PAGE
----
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  • Cioran’s Nietzsche
  • Willis G. Regier

Susan Sontag wrote that Cioran

comes after Nietzsche, who set down almost the whole of Cioran's position a century ago. An interesting question: why does a subtle, powerful mind consent to say what has, for the most part, already been said? . . . Whatever the answer, the "fact" of Nietzsche has undeniable consequences for Cioran. He must tighten the screws, make the argument denser. More excruciating. More rhetorical.1

Sontag's essay has become a touchstone for taking Cioran seriously as a philosopher and the correlations between Cioran and Nietzsche she described are now staples of Cioran criticism.

Sontag's junction of Cioran and Nietzsche has been steadily reinforced. As a postscript to his book on Nietzsche, Clément Rosset puts Cioran in the tradition of Nietzsche's Gay Science and credits him for posing the most serious and most grave question to philosophy: whether an alliance is possible between lucidity and joy. Two of Cioran's most esteemed translators, Ilinca Zarifopol-Johnson and Sanda Stolojan, separately asserted that Nietzsche was a major influence on Cioran in the 1930s. Cioran's friend, the Spanish philosopher Fernando Savater, emphasized how much the two have in common. In a close comparison of Cioran's Romanian works with Nietzsche's books and Nachlass, Lucia Gorgoi found multiple similarities in style and substance, particularly regarding aphorisms and nihilism. Patrice Bollon's summary of Cioran's philosophy links it to Nietzsche more frequently than to any other philosopher.2

Despite all this, Nietzsche and Cioran are a pair that ought not be taken for granted, for three reasons: affinity and resemblance are too easily mistaken for agreement and influence; Cioran strenuously resisted [End Page 75] falling into the orbit of other authors; and he specifically asserted his independence from Nietzsche. In his later books and interviews, Cioran often described Nietzsche as "naïve," and from the 1930s on he felt superior to the philosopher of the superman.3 Treating Cioran and Nietzsche in tandem is more faithful to both when their clashing skepticisms and stark differences are mutually respected.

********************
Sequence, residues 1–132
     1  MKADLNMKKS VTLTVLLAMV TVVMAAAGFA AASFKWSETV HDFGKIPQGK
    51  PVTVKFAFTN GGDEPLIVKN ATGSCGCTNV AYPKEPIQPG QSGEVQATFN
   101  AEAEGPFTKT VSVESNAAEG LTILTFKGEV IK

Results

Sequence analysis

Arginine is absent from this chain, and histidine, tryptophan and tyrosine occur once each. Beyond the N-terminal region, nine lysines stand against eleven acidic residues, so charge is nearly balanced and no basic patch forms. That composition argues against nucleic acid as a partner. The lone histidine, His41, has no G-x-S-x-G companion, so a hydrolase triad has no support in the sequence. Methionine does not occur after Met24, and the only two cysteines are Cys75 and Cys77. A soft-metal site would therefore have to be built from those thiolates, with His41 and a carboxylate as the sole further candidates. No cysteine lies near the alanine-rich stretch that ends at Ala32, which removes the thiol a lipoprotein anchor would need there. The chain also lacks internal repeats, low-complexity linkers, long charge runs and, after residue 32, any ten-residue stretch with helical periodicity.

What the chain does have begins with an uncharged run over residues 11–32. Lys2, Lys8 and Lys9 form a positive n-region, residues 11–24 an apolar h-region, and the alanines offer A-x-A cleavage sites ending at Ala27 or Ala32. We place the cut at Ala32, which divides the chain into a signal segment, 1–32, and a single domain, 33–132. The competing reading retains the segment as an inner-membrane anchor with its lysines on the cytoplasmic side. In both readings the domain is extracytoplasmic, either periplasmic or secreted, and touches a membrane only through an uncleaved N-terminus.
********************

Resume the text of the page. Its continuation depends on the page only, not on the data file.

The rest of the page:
Cioran knew Nietzsche's work well. Although little of Nietzsche had been translated into Romanian, Cioran could read German from earliest youth and found the language no obstacle. A school notebook from Cioran's teens survives with his neatly copied passages from Nietzsche, interspersed with passages from Balzac, Diderot, Flaubert, Lichtenberg, Schopenhauer, and his greatest passion, Dostoyevsky. Dostoyevsky stood between Cioran and Nietzsche as a buffer and bond. Despite the clash of Dostoyevsky's Christianity with his own atheism, Nietzsche himself praised Dostoyevsky as "the only psychologist from whom I had something to learn."4 Léon Chestov cites this passage as his starting point in La Philosophie de la tragédie: Dostoïewsky et Nietzsche and gave precedence to Dostoyevsky throughout, as Cioran would do. Chestov was also author of L'Idée de bien chez Tolstoi et Nietzsche. Cioran claimed Chestov—not Nietzsche—as "my philosopher" during the interwar years.5 According to Chestov, Nietzsche's break with Wagner and his reaction against Schopenhauer were the "worst misfortune that could befall a man, to break with his teachers," events that isolated Nietzsche, reflecting on his pain and solitude like a Dostoyevsky character.6 Rupture, suffering, and solitude became Cioran's literary preoccupations.

The chief promoter of Nietzsche in Romania during Cioran's youth was Lucien Blaga, whom Cioran put "on a pedestal."7 Like Cioran, Blaga was born in Transylvania as the son of a priest (Nietzsche was the son of a Lutheran pastor), imitated Zarathustra's ecstasies, and adopted Nietzsche's themes and motifs. Much of what now seems to be Nietzschean in early Cioran was pre-selected by Blaga.8 Blaga made Nietzsche essential reading and German philosophy essential education. Cioran obliged. He studied philosophy at the University of Bucharest, reading Fichte, Hegel, Husserl, Kant, Simmel, and more Schopenhauer and Nietzsche. He then went closer to the source. Between 1933 and 1935 Cioran studied under Nicolai Hartmann and Ludwig Klages at the [End Page 76] Friedrich-Wilhelm Universität in Berlin as a Humboldt fellow; Klages was the author of Die psychologischen Errungenschaften Nietzsches (1926). Like Klages...

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Additional Information

ISSN
1534-1836
Print ISSN
0098-9355
Pages
pp. 75-90
Launched on MUSE
2006-03-29
Open Access
No
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